Photography in History
Art History and Theory
Undergraduate: Level 5
Sunday 17 January 2021
Friday 26 March 2021
29 July 2020
Requisites for this module
BA V3R9 Art History with Modern Languages,
BA VR3B Art History with Modern Languages (Including Foundation Year and Year Abroad)
The year 1839 saw the birth of photography and the beginning of a revolution in the way people saw themselves, their nations, and their world. In this module, we will explore not only the evolution of the medium over the 175 years since its invention, but also the creation of the field within the discipline of art history.
We will consider photography in relation to the democratisation of portraiture; the development of new scientific methods and systems of surveillance; the photograph's change in status from document to artwork; the tension between photography and modernist art; the shifting definition of photojournalism; and the medium's role in the field of postmodern art.
The aims of this module are:
1. to develop a greater understanding of key developments in the history of European and American photography;
2. to introduce students to issues related to some of the main developments in European and American photograph since its invention;
3. to raise students’ awareness of different methods for analysing the medium of photography and its personal, documentary and artistic uses;
4. to encourage debate about the place of photography in society;
5. to familiarise students with specialised debates in past and recent literature around the interpretation of photographs;
6. to encourage student awareness of different methods of approaching the discipline through analysis of chosen texts;
7. to stimulate students to develop skills in communication through assignments and seminars
By the end of this module the student should have:
a. a greater appreciation and richer understanding of the history of photography;
b. insight into different methods of interpreting photographs and texts based on some knowledge of the appropriate historical and interpretative contexts;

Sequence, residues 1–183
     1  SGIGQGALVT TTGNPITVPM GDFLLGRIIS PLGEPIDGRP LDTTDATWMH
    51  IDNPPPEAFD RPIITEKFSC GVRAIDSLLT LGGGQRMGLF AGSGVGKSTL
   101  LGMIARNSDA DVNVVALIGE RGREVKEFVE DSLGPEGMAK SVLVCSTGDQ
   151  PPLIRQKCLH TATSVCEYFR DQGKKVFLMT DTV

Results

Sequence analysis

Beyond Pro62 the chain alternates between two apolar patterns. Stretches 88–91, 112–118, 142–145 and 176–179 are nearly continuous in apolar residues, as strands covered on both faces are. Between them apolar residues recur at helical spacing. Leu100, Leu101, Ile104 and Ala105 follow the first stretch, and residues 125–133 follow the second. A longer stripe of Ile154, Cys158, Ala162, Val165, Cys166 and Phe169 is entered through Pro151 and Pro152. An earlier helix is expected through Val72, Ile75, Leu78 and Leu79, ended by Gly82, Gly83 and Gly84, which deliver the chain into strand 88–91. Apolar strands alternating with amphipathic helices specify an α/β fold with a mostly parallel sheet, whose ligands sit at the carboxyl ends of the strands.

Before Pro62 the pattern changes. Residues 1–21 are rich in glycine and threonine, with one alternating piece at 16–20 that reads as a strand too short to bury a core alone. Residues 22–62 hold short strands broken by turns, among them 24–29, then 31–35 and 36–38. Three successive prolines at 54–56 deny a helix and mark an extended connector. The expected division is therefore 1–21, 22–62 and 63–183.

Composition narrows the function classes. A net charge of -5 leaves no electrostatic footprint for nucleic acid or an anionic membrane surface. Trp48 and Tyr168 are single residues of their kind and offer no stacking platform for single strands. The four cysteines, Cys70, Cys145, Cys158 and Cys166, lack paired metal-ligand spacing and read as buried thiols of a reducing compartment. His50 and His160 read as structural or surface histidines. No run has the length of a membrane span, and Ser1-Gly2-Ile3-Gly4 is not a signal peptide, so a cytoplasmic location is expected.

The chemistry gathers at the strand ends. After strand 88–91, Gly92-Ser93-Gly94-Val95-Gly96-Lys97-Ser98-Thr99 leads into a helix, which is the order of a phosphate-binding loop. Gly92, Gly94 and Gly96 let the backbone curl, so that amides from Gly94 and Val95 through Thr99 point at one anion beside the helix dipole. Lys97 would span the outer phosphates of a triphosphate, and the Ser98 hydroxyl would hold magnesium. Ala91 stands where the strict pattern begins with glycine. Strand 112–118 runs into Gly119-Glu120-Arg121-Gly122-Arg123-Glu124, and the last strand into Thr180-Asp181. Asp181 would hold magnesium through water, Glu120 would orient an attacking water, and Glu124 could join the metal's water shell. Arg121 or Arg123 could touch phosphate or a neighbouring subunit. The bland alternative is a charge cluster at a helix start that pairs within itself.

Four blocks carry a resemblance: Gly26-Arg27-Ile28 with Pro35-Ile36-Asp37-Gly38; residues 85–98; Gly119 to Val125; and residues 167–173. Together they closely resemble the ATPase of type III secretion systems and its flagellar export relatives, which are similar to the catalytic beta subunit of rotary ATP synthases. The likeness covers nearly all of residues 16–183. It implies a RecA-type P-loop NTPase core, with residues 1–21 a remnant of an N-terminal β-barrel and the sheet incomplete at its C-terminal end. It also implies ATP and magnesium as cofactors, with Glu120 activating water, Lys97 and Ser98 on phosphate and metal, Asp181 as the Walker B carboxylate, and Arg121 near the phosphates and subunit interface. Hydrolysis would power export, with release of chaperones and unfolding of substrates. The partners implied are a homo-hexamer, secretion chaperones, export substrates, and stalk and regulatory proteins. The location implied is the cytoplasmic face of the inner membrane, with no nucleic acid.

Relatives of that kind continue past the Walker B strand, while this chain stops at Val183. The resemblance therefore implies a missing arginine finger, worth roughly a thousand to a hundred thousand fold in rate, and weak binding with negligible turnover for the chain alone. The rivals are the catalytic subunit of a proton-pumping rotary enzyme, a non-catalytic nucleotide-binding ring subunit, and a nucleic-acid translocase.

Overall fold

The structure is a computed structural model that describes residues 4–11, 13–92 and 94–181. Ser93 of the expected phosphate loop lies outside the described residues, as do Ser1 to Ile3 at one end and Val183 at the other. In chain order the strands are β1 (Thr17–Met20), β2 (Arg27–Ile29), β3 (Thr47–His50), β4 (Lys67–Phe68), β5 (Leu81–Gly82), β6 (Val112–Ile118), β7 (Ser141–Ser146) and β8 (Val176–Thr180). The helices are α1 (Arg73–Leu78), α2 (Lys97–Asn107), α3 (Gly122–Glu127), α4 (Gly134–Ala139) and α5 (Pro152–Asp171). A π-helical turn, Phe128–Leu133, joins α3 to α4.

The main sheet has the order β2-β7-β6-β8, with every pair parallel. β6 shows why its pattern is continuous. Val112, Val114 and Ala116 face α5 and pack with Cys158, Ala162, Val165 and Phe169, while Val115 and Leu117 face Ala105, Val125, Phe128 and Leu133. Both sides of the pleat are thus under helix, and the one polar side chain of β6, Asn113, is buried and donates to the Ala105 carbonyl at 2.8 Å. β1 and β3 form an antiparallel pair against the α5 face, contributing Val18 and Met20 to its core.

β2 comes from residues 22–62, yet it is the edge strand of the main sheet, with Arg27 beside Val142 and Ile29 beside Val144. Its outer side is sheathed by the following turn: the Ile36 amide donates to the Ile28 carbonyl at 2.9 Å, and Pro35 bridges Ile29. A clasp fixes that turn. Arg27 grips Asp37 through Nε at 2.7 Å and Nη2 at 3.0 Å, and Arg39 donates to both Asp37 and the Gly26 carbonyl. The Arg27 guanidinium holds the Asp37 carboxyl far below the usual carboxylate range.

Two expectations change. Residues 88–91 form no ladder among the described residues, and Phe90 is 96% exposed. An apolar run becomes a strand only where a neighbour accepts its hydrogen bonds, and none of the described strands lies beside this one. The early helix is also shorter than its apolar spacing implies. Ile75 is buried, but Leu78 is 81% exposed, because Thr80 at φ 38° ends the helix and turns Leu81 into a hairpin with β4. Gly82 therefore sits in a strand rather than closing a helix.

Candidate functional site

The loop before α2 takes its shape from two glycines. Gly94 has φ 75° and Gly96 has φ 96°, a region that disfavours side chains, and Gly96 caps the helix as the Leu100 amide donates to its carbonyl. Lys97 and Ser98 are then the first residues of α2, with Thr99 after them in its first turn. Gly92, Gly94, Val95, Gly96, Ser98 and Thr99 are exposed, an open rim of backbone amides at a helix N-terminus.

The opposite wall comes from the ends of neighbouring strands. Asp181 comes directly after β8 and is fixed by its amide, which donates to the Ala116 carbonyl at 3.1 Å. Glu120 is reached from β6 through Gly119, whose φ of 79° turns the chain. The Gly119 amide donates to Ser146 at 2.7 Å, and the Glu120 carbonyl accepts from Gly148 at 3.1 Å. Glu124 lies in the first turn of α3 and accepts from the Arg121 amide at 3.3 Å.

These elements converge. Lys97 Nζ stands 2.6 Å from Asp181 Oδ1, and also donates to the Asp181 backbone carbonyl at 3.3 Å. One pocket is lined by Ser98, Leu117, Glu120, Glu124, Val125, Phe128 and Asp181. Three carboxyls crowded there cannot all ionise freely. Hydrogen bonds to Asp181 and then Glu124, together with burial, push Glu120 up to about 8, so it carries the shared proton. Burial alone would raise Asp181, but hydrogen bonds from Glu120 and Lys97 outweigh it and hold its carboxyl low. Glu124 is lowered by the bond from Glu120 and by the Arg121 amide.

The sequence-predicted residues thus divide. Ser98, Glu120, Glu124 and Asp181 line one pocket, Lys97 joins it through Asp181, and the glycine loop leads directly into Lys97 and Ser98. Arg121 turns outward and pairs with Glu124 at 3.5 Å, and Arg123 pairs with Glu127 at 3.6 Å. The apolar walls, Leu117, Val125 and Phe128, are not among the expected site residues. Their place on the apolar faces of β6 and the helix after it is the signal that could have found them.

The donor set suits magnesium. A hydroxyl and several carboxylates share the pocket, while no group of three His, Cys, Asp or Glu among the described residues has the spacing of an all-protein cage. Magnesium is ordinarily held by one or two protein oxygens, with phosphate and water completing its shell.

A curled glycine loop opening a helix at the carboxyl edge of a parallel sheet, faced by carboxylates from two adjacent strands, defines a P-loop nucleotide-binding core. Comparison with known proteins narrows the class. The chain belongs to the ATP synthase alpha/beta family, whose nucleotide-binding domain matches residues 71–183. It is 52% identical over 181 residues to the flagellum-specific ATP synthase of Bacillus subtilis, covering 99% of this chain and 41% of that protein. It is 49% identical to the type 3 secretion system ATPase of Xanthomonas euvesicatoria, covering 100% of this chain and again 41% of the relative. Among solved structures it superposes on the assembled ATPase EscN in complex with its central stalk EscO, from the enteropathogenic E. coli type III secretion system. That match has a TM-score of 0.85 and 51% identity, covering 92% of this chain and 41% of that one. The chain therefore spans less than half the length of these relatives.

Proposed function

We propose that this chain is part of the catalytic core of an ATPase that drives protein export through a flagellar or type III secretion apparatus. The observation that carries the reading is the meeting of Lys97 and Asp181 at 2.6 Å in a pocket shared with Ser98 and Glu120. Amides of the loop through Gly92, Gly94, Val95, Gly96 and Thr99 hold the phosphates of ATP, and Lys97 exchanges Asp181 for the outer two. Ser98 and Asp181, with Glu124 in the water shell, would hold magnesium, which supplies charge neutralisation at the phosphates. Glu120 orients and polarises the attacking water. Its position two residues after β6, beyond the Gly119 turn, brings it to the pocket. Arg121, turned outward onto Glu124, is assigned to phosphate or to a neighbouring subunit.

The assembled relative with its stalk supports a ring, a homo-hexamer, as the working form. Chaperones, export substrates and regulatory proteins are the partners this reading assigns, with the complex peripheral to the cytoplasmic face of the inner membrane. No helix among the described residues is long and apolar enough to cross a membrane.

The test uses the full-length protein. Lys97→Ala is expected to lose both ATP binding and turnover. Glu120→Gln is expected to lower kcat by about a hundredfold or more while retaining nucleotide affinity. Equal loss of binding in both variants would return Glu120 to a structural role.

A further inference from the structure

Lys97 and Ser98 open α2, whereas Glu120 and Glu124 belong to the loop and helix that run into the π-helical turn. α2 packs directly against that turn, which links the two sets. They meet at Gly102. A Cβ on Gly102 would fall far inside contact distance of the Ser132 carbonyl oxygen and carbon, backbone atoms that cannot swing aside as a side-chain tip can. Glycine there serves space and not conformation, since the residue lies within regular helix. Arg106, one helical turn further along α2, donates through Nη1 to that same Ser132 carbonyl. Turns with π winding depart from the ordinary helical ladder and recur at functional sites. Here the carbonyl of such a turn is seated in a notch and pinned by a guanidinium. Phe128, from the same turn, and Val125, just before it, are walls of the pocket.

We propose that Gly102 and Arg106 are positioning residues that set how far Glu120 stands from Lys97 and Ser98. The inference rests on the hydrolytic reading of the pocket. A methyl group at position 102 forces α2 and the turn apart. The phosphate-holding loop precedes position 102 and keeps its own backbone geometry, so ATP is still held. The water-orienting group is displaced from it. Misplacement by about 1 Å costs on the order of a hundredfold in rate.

c. experience in subjecting photographs and texts to analysis and interpretation;
d. insight into the different methods of art-historical investigation that have been explored with reference to European and American photography;
e. an ability to discuss the history of photography and to reflect upon this history through assignments and seminars.
By the end of the module, students should also have acquired a set of transferable skills, and in particular be able to:
1. define the task in which they are engaged and exclude what is irrelevant;
2. seek and organise the most relevant discussions and sources of information;
3. process a large volume of diverse and sometimes conflicting arguments;
4. compare and evaluate different arguments and assess the limitations of their own position or procedure;
5. write and present verbally a succinct and precise account of positions, arguments, and their presuppositions and implications;
6. be sensitive to the positions of others and communicate their own views in ways that are accessible to them;
7. think 'laterally' and creatively (i.e., to explore interesting connections and possibilities, and to present these clearly rather than as vague hunches);
8. maintain intellectual flexibility and revise their own position based on feedback;
9. think critically and constructively.
Topics will include:
Introduction: What is a photograph?
The Invention of Photography
Portraits of the Living and the Dead
Science and Surveillance
Photography and Art I
Photography as Document
Photography and Modernism
Photography and Art II
There will be a two-hour combined lecture and seminar each week.
All teaching events will be accessible to students on and off campus either face-to-face or remotely through online teaching.
Week 21 is reading week.
Assessment items, weightings and deadlines
|Coursework / exam
||SUMMER 24hr take home exam
||2000 word essay
Module supervisor and teaching staff
Dr Natasha Ruiz-Gomez, email: firstname.lastname@example.org.
Dr Natasha Ruiz-Gómez
Prof Richard Simon Clay
Professor of Digital Cultures
Available via Moodle
Of 263 hours, 0 (0%) hours available to students:
263 hours not recorded due to service coverage or fault;
0 hours not recorded due to opt-out by lecturer(s).
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